What frightens me the most is anticipating another huge flare, where I cannot cope and have to rely on my partner for support. That is the main reason I returned home in the first place as it got too much for us both to cope with. I know things have changed, I am more aware of my limitations and my partner is more understanding and knowledgeable of my condition but I still can’t help dreading that it may all get too much for us both again.
I suppose what I have learnt is to take one day at a time. You can’t predict or be scared of the future because you just never know what will happen. Unfortunately, what will be will be. The only way I can prevent things getting as bad as before is by accepting when I need help (and asking for it), not doing too much so that I get tired and stressed which causes friction in a relationship anyway and communicating how I am feeling. For so long before, I locked myself away from the company of my partner because I was ashamed that I was no longer good enough for him, he deserved better, blah blah. I didn’t want to ask or accept help, I didn’t want to talk, I just wanted to pretend that it would go away and things would get back to normal.
Whilst it was devastating when we were apart, I know now that it was the best thing for us as we wouldn’t be as understanding of each other as we are today. My partner accepts me because I accept myself (if you get my drift). You can’t be in a relationship when you aren’t comfortable with your own situation as all those feelings of anxiety rub off on the other person. I am stronger than I ever have been before (mentally I mean!) and I am going to give this a bloody good go. After all, if you choose to hold back all your life because you are afraid you will never get anywhere right?
I still cannot believe that only a year ago I thought my life was as good as over. I was bed ridden, very poorly, jobless, boyfriendless, homeless (if it weren’t for my family) oh and let’s not forget penniless! But for all those who might be going through this now, please take something from my story that even though it takes time (often longer than you want it to) you will move on. Things will get better, perhaps even better than before.

Sunday, 5 June 2011

Fighting A Losing Battle

I am so completely fed up today. For a long time now I had overcome my fatigue so that I was able to have relatively normal days, without the need for sleep constantly. However, since I had my last Rituximab (just over a week ago) the fatigue has returned, with a vengeance. The pain I can deal with, or at least pop a few pills for and hope for the best. But the awful thing about fatigue is that there is pretty much sod all you can do about it. There are no fuel type meds or tricks to give you that boost of energy you desperately need. It’s not a case of pull yourself together. And I stress that it is NOT tiredness. For those of you reading who may not have RA but know of someone who does, please don’t confuse fatigue with not having a late night or not enough energy to go to the gym. The only way I can describe it is like an all consuming, energy stealing cloud constantly fogging your brain.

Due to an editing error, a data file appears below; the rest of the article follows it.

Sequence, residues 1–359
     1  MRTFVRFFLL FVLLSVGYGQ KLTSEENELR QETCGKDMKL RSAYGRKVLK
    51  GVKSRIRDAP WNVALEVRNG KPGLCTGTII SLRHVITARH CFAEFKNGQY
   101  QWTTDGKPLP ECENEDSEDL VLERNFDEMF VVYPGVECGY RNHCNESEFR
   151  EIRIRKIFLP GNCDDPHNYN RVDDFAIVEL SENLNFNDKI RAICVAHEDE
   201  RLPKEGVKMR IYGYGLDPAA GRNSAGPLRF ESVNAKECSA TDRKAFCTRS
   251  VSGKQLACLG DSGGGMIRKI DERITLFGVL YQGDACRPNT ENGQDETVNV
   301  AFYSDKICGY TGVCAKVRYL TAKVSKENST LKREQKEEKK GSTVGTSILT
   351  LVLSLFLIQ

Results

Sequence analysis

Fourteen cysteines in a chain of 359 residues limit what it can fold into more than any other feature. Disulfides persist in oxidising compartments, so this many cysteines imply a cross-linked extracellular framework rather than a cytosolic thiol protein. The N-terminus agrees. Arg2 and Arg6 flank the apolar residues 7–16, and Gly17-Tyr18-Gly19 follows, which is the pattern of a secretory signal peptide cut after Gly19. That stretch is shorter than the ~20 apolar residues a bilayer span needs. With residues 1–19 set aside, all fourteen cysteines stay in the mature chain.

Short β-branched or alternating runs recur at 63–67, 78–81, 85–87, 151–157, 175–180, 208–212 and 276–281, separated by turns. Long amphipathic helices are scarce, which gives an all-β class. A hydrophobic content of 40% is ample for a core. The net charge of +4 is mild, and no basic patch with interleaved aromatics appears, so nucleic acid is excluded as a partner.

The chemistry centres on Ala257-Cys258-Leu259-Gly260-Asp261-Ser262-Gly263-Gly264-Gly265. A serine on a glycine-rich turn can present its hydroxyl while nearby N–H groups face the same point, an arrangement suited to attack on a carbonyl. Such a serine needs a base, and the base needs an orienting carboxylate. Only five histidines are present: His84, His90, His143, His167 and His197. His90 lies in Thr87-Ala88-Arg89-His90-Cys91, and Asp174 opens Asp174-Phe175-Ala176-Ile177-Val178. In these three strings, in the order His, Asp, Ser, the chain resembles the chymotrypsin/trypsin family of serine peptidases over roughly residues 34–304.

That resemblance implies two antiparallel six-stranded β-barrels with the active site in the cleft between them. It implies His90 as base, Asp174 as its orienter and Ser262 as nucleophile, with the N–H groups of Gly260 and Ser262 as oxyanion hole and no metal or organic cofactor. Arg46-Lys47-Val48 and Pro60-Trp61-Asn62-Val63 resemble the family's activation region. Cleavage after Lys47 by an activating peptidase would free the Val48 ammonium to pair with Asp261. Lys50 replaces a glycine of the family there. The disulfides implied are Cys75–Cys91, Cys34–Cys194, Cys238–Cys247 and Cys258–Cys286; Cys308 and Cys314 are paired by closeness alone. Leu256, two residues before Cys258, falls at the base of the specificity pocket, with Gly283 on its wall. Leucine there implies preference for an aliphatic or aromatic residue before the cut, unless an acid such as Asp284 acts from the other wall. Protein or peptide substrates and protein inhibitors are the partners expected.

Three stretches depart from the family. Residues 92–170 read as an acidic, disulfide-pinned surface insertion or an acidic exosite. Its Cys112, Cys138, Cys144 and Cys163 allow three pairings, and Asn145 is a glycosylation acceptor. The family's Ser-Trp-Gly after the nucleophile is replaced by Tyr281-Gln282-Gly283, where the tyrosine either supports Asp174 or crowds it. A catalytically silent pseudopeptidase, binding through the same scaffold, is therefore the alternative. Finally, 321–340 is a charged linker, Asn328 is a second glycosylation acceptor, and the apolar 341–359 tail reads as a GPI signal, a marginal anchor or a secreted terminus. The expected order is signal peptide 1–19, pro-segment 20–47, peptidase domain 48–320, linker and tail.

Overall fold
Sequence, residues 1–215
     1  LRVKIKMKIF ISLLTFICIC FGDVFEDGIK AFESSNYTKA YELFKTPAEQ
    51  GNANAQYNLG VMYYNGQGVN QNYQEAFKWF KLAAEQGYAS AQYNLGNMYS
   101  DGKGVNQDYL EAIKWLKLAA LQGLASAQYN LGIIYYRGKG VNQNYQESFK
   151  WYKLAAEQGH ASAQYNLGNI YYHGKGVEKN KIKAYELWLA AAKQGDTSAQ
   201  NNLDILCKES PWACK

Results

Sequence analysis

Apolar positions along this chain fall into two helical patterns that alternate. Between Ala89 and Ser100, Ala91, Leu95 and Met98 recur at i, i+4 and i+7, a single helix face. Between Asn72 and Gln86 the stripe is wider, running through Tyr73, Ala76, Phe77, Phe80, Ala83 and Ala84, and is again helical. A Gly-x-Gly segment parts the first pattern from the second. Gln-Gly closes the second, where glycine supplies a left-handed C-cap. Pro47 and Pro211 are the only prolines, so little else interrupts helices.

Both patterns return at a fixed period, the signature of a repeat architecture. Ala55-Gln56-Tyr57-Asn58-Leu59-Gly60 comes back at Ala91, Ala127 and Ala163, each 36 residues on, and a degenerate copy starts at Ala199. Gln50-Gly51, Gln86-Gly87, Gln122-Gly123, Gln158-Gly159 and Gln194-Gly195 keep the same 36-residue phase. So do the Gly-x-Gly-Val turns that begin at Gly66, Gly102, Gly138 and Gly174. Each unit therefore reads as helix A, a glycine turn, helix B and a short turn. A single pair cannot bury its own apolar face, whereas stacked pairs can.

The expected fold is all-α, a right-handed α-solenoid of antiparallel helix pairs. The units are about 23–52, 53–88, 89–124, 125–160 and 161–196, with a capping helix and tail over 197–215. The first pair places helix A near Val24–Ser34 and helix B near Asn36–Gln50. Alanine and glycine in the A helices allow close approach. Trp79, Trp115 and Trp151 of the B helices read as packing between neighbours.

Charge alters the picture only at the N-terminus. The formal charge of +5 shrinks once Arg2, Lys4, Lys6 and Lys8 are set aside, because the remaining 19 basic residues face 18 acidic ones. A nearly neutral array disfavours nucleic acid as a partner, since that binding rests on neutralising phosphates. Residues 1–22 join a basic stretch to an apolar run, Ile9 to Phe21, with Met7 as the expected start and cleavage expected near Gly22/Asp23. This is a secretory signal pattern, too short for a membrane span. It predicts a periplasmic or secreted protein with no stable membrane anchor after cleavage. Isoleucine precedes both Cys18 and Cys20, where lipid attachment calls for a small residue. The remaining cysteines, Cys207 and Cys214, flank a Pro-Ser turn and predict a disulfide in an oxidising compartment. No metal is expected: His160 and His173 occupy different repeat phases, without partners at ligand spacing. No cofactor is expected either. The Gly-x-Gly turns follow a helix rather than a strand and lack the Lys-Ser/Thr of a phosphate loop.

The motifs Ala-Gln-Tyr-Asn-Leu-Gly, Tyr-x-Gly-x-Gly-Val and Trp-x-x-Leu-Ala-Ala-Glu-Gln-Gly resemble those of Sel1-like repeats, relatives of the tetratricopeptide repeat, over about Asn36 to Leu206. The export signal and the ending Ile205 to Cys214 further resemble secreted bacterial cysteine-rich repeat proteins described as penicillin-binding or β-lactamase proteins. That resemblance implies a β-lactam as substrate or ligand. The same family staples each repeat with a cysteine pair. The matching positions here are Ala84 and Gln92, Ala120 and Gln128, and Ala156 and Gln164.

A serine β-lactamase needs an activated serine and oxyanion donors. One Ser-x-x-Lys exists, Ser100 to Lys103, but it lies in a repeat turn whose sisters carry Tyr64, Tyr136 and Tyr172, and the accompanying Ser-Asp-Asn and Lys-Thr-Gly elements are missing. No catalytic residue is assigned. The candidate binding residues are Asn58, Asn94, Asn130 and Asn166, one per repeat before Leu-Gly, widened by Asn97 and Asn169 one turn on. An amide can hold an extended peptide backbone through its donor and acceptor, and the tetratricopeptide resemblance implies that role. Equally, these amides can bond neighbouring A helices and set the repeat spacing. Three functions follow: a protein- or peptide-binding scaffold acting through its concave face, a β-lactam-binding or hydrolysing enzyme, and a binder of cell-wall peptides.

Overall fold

You can’t think straight, sleep doesn’t help, your brain and body feel like mush warmed up and it stays with you despite ten cups of coffee or seven pints of red bull. Fatigue is, in fact, a disease itself. Many people suffer from it without having RA and it is, to put it bluntly, a living nightmare. The point is though, you don’t actually feel like you’re in the land of the living. You’re functioning, walking around, breathing and talking, but you don’t know quite how you’re doing it. Ever had those moments when you have a mind block when driving and can’t remember how you got there?
Getting fatigue under control is an impossible task. It’s not a case of having a nap or going to bed early. It just clings to you. You go to bed tired, you wake up tired. A never ending cycle of a complete feeling of uselessness. I got to a point a few months ago where I could go without sleeping during the day, I was still tired but I could cope. These past few weeks have been quite different. I literally get to a point where my body and brain give up and crave a rest. I guess it’s like ‘the wall’ when you run a marathon, except however hard you try, you can’t break through this one.
I am hoping that the wall will come down piece by piece in the next few weeks following my treatment as I am at the end of my tether. It makes you moody, agitated and irritable when you’re tired, but fatigue makes me an impossible person to be around (I’m guessing). I think it’s because I don’t know what to do with myself and I hate that I am trying to fight the urge to collapse but I’m not winning. I wish someone could come up with a cure for this ridiculous situation. Try as we might to fight RA, other things that come into the equation just take the biscuit.